Research Roadmap on Safety Issues 13 Large Hub Airports â Key Concerns For large hub airports, the main areas of concern included Airside Driving, Safety Management, and Non- Movement Area Safety. The responses provided by these airports revolved around a lack of regulation on non-movement areas such as the ramps, gates, and aprons. Collaboration between stakeholders and airport operators is difficult to plan, implement and enforce. Additionally, human factors relating to ground crew rest requirements was noted as a key concern due to overworked, fatigued, low-paid and rushed handlers operating heavy equipment around aircraft in these areas. Under the Airside Driving focus area, issues with monitoring stakeholder aircraft towing and reposition evolutions, and driver proficiency training were at the forefront of concerns. Since FAA Advisory Circulars (AC) consider these operations as vehicle operations, the responsibility falls under the airfield operator. Because current regulations do not address this airside area, airport operators have difficulty enforcing compliance with stakeholders that they have little to no regulatory authority over. From the survey results, there seems to be a need for guidance on SMS and its interactions between the airport operator and its stakeholders. Safety compliance, equipment maintenance practices, as well as organizational gaps are the genesis of many of their current safety concerns. Since there is no federal requirement to utilize SMS, a compilation resource explaining the experience of other airports of equal demographics to improve safety due to these contributory influences is viewed as necessary to the successful implementation and acceptance of SMS processes. Obstacles to Safety Improvement Many of the concerns identified in this study were the result of a poor (or misled) safety culture. This was evidenced by the references to repeated difficulties engaging key players to participate in training programs and emergency exercises. It was also apparent that safety and training programs continue to have low priority within company and organizational leadership, since the time allotted for safety training and inadequate budgets were among the top reported concerns. Although the top airside focus areas and safety improvement obstacles were somewhat dependent on the size and mission of the airport, there were industry wide similarities identified. Airport Losses, Airside Driving, and Emergency Management rounded out the top areas of concern across the board with Non- Movement Areas, Safety Management Program guidance, and Terminal Incidents following closely behind. Interviews with Select Airports. The information gained from the surveys led to the identification of potential research topics that might be included in the final roadmap. Thus, gaining additional insight through phone interviews with select airports took place prior to developing a preliminary list of research topics. Five airports were interviewed prior to the drafting of the preliminary list: ï· Asheville Regional Airport (AVL) â Small Hub, North Carolina ï· Dallas â Fort Worth International Airport (DFW) â Large Hub, Texas ï· Fresno Yosemite International Airport (FAT) â Small Hub, California ï· Norfolk International Airport (ORF) â Small Hub, Virginia
Research Roadmap on Safety Issues 14 ï· Seattle â Tacoma International Airport (SEA) â Large Hub, Washington During the scheduling process for the interviews, a link to the online survey was provided to the airports along with a request to complete the online survey in preparation for the teleconference. Their survey responses were used to guide the discussions. The results of these interviews were used to confirm the information already obtained in Tasks 1 and 2, and to further capture potential ideas for research topics for the roadmap. Research Team Experience. To add to the insight gained from the airports and stakeholders, and in order to generate potential research topics, the safety focus areas were divided amongst the three members of the research team. Each team member identified additional gaps and research opportunities based upon operational field experience working with safety management, operations and engineering at various airports in the U.S. and elsewhere, as well as prior SMS research for guidance development and implementation experience. This experience added to and expanded upon the industry input used to generate the preliminary list of safety topics included in the roadmap. 3.4 Develop List of Research Areas/Topics (with Industry Stakeholder Outreach) Phase I of the project was concluded with the consolidation of the information captured and analyzed, and the development of a preliminary list of research topics for the research roadmap. The initial list consisted of 40 potential research topics and it was categorized according to their applicable safety focus areas. A reference number was assigned to each topic for administrative purposes, and descriptions of the research that might be performed on each of the issues were crafted. Each topic was culled from the information provided by airport industry representatives responding to the online survey or interviewed via telephone. Additional topics were crafted by the members of the research team based on the analysis of the Literature Review resources, and on field experience. A prioritization of the preliminary research topics was performed as well. The team devised a system of assigning scores to each topic based on three key factors; safety risk level, industry interest, and gaps in existing research and guidance. The purpose was to develop a systematic approach that could mitigate the subjectivity during the prioritization process and that could be repeated in future prioritization assessments. The Risk Level score was based upon the identified safety hazards or accident causal factors and the associated level of risk as published in the following references: ï· Boeing - Statistical Summary of Commercial Jet Airplane Accidents Worldwide Operations from 2017 (statistics based on 10 years of survey) ï· Airbus â A Statistical Analysis of Commercial Aviation Accidents â 1958 - 2018 ï· ACRP Report 131 - A Guidebook for Safety Risk Management for Airports â Appendix F â Typical Accident and Incident Rates The first scoring factor for each topic was the Risk Level. For each type of event, a risk score was assigned based upon a five-point scale based on the research team assessed probability and severity of such an event over which the airport has some level of control.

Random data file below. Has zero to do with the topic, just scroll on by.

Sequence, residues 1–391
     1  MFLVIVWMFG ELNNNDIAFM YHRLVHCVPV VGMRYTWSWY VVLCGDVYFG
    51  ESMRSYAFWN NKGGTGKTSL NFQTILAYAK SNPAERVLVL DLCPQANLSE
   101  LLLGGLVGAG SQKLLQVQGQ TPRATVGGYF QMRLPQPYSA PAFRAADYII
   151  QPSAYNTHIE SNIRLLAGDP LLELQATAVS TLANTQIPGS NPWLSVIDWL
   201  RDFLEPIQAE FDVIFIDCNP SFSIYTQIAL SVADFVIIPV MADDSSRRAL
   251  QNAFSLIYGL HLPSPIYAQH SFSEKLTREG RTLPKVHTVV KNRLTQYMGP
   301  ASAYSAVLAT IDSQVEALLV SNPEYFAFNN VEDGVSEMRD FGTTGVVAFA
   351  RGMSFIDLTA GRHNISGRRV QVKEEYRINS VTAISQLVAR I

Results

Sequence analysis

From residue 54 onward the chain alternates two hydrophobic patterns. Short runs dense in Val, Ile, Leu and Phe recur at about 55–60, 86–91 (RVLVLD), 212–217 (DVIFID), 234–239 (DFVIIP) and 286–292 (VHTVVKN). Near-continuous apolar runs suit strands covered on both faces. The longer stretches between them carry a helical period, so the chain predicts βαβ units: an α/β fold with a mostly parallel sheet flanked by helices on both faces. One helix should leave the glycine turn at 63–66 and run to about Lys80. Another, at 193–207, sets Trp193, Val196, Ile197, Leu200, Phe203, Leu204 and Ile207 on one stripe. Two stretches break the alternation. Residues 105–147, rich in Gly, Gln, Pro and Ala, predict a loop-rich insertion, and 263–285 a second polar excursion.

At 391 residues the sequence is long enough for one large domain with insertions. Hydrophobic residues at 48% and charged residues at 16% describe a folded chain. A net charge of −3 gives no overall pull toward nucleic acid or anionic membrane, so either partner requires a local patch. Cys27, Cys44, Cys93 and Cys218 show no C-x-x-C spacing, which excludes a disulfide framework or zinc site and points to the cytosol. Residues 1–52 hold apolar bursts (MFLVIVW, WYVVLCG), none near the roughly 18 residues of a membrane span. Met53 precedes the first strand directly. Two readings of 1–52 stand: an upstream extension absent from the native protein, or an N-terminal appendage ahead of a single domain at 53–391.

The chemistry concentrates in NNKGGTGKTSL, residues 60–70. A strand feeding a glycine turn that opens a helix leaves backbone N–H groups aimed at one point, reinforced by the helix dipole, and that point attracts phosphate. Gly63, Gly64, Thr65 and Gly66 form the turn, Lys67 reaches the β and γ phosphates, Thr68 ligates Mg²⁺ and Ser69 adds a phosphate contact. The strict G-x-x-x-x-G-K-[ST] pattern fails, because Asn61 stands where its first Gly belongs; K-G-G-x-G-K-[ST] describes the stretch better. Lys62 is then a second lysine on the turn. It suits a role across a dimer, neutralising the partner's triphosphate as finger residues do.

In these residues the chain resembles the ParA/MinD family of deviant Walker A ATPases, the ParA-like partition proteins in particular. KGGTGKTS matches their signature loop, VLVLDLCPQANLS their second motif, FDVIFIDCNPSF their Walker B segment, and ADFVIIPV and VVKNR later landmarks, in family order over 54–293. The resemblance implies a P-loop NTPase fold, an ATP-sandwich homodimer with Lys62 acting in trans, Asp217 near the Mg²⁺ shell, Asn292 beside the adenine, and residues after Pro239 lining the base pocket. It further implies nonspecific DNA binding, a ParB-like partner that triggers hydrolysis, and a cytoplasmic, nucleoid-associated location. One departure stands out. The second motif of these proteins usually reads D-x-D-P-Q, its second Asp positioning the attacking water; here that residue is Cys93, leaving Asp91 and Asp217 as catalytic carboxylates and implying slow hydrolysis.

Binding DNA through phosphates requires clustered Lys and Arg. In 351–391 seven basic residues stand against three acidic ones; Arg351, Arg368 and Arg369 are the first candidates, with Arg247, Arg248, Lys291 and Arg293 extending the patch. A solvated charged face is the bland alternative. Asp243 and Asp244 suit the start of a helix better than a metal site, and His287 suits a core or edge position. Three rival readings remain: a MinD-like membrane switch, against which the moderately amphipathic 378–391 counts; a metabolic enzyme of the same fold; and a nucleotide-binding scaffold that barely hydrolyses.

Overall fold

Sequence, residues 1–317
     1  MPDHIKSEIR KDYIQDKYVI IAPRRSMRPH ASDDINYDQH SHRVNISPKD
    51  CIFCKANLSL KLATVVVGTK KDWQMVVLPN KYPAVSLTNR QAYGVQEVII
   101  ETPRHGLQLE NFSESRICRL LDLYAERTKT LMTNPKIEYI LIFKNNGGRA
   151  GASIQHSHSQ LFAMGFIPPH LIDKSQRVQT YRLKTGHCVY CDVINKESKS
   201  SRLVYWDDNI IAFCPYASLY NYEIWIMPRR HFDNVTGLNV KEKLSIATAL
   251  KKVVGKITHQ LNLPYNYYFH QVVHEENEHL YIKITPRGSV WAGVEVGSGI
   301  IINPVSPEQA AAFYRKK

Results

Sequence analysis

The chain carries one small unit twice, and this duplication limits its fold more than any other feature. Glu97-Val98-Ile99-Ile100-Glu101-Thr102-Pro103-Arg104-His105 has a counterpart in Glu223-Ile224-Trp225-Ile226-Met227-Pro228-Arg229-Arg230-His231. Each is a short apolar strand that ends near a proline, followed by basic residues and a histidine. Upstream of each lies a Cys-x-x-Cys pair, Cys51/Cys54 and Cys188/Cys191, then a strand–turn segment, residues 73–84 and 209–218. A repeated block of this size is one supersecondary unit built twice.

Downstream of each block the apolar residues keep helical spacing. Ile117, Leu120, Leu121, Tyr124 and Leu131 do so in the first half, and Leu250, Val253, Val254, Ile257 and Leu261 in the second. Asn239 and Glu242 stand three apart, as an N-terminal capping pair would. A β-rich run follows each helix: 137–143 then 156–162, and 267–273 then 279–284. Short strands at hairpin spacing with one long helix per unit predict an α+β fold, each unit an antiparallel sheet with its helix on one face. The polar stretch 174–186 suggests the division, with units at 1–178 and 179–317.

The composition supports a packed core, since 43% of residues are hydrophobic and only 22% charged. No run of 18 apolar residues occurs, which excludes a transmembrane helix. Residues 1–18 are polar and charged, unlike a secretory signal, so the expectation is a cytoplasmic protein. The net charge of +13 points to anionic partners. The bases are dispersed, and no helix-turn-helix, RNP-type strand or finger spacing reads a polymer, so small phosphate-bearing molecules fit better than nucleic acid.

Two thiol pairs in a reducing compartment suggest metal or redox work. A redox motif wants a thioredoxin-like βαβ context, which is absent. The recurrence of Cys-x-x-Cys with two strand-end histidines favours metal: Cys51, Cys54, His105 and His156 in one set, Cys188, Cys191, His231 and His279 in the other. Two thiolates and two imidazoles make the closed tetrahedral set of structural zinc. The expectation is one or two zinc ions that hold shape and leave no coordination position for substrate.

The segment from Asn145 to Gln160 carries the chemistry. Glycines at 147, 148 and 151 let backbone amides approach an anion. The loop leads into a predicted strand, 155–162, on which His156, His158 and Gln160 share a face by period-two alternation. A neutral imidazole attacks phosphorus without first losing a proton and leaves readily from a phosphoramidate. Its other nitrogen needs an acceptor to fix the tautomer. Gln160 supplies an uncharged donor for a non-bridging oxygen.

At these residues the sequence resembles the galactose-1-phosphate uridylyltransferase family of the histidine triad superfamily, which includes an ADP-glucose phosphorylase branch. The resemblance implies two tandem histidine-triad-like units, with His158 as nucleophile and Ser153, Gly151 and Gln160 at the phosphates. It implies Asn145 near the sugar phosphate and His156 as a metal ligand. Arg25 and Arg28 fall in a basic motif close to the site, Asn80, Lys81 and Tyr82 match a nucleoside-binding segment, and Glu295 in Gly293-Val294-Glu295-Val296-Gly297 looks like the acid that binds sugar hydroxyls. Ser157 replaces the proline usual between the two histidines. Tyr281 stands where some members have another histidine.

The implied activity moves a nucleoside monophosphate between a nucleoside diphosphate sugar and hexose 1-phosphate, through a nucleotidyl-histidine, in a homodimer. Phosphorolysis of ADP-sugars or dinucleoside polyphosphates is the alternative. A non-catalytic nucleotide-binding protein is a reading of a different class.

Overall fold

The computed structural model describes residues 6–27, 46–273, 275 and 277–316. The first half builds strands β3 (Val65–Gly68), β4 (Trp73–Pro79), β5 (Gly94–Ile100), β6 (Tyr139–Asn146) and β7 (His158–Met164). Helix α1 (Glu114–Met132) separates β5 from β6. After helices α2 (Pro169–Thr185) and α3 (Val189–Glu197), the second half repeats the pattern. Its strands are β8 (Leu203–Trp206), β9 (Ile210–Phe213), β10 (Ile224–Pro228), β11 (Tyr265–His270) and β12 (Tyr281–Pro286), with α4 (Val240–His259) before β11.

Research Roadmap on Safety Issues 15 ï· Factor 1 - Risk Level (based on industry statistics of accidents: probability and severity) (5) (5) (5) (3) (3) (3) (4) (1) (3) (3) o Safety Management o Runway Excursions o Runway Incursions o Ramp Safety o Construction Safety o Unmanned Aircraft Systems o Emergency Management o Terminal Safety o Airspace Safety o Airside Driving o Safety Training (4) The second factor, Industry Interest, was scored based upon the results of data captured from the surveys and interviews with a range of airports conducted during Phase I, as follows: ï· Factor 2 - Industry Interest (based on our survey and interviews) o High (5) ï§ Airport Losses, Airside Driving, Emergency Management, Training, o Medium (3) ï§ Non-Movement Area, Terminal Safety and Safety Management o Low (1) ï§ Runway RSA/RPZ, Movement Area, Other The third scoring factor was titled Research Gap. This factor was based upon the results of the Literature Review and experience of the research team. â¢ Factor 3 - Research Gap (based on the Literature Review results) o Lacking guidance (5) ï§ GA (Safety Management, Airside Driving, Emergency Response, Airspace Control) o Partial/Dated guidance available (4) ï§ Training, drills, SMS training programs o Sufficient guidance available (1) The preliminary prioritization of the initial research topic list was performed for the following reasons: 1. Provide an initial foundation upon which the inputs to the research roadmap could be based and edited as the project continued. 2. Develop a list of topics for the Project Oversight Panel review prior to the project Interim Meeting.